Wednesday, April 24, 2013

Regiments, divisions, brigades, oh my

Scotts-Fitzhugh Bridge, Paris Landing to Dover (1960's)
On a warm Sunday afternoon long ago, my family undertook a road trip in Dad's new used car, a black-and-white '56 Chevy. With the windows open to summer, we headed to an uncle's house in Erin, TN. Upon crossing the Tennessee River bridge at Dover, I cried because of the high bridge, and to distract me, Dad slowed at a small marker and veered off of Highway 79 onto a barely passable gravel road.

Bouncing down the winding road for several minutes, we arrived at a hill, where an old cannon stuck up over a low wall, pointing out into the river. My brother and I gleefully climbed and sat astride upon this iron plaything. This was Fort Henry, but neither my parents nor teachers ever provided me with an explanation of why a cannon was to be found there. I thought nothing of it; in parks throughout Tennessee, one can find these old civil war cannons--objects of mild curiosity. Imagine my surprise when, decades later, this particular childhood cannon belched forth black smoke and a missile intended to kill, as I was reading Ulysses S. Grant's Memoirs. Where was this action-packed thriller, truth stranger than fiction, during my education? Totally missing, is where.

Are you looking for a good read? The Memoirs are free at Project Gutenberg. Grant assembled his book hastily during the last year before his death, and Mark Twain edited and published it. The book's subsequent popularity restored Grant's family to prosperity after his continual failures at money management during his lifetime. The tale includes Grant's childhood, his army service in the Mexican war, his being busted out of the army for alcoholism, his eventual reinstatement to the army during the civil war, and it glosses over his tough period of poverty between the wars. Then follows the nugget--Grant's civil war years, as gripping a story as any work of fiction ever written--except that it wasn't fiction.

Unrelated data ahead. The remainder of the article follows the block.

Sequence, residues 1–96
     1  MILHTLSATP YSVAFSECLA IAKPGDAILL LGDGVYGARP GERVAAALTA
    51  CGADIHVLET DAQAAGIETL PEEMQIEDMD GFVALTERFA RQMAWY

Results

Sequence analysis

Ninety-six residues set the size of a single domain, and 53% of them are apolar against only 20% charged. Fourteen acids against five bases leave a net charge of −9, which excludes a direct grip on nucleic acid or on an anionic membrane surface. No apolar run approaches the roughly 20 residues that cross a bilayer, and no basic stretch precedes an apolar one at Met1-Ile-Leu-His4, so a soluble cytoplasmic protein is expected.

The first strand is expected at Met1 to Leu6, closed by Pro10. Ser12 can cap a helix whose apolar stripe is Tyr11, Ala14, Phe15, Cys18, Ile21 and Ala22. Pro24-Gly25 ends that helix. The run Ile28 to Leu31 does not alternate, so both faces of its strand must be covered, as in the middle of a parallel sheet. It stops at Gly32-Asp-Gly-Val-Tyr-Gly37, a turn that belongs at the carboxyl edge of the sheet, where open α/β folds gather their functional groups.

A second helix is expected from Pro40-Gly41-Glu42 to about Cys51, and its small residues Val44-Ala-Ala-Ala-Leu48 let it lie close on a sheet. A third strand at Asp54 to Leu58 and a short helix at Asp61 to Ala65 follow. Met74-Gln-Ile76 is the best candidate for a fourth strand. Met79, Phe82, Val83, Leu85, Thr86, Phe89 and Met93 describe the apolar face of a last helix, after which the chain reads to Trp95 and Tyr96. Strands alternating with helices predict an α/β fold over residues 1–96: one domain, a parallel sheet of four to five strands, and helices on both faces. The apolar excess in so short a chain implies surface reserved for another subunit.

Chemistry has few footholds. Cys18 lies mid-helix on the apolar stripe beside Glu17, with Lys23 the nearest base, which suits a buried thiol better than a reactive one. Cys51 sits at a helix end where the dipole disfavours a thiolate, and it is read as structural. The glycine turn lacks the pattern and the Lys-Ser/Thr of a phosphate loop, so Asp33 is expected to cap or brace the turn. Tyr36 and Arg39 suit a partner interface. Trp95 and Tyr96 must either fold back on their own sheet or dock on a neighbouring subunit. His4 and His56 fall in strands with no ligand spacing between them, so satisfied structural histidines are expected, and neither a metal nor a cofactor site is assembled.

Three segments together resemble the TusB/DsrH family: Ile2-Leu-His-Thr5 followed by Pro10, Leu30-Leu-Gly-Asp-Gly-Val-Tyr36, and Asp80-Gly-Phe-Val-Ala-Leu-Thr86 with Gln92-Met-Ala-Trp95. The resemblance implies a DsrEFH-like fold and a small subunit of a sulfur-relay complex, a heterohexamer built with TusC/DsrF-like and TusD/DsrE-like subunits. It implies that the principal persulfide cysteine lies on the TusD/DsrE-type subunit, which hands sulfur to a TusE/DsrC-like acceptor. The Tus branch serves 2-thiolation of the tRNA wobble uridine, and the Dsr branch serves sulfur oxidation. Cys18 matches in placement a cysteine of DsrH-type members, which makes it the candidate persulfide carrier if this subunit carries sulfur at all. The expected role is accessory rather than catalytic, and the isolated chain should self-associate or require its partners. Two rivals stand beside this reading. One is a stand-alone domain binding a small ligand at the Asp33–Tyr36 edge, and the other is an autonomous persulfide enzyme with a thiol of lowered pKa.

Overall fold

One interesting thread throughout the story is Grant's emphasis on the role of luck in human affairs. Again and again he describes how plans went awry, new plans were made, and many times yet something else completely ended up occurring. These are life lessons for any of us. An example is how Grant almost didn't get reinstated into the army at all when the civil war was starting up. He had done a lot of volunteer work, people had noticed him, but his requests at rejoining the army as an officer (due to having graduated from West Point) had been ignored. He declined to join as an enlisted man, and was on the verge of giving up and going home, when (due to the private intervention of friends), a governor made him colonel of a brigade (a troubled one whose previous colonel was unable to control them--but Grant could!).

Recently, I also read Jean Edwards' excellent biography of Grant, appropriately called Grant, which draws heavily from Grant's own Memoirs but fleshes out the story with explanatory footnotes, battle maps, and more context. It might even be best to start with the Edwards book, and then read Grant's own book later. But do consider reading them. Don't be in a hurry. This will keep you off the streets for a good long while, and make you happy in the reading.

In order to plow through either book, you'll need to know: What is brigade? What is a colonel? Here the definitions are (thanks to a footnote on page 99 of Edwards' book):

  a company = 100 men
  led by a captain

  a regiment = 1000 men (10 companies)
  led by a colonel

  a brigade =  4000 men (4 regiments)
  led by a brigadier general

  a division = 12,000 to 16,000 men (3-4 brigades)
  led by a major general or a brigadier general

  a corps = 24,000 (officially) to 30,000 men (2+ divisions)
  led by a major general

  an army = several corps
  led by a major general

Sunday, April 7, 2013

The Winter's Tale: Not McCarter Theater's Finest Hour

the statue

Last night, I attended a production of Shakespeare's The Winter's Tale at McCarter Theater. I had spent the day reviewing the play's plot and history, and it's a good thing that I did, because this production, directed by Rebecca Taichman, turned out to be disappointing. Prior to the performance, I had sought some online reviews, but there were none, other than the glowing but, I fear, exaggerated praise for Ms. Taichman's directorial skills.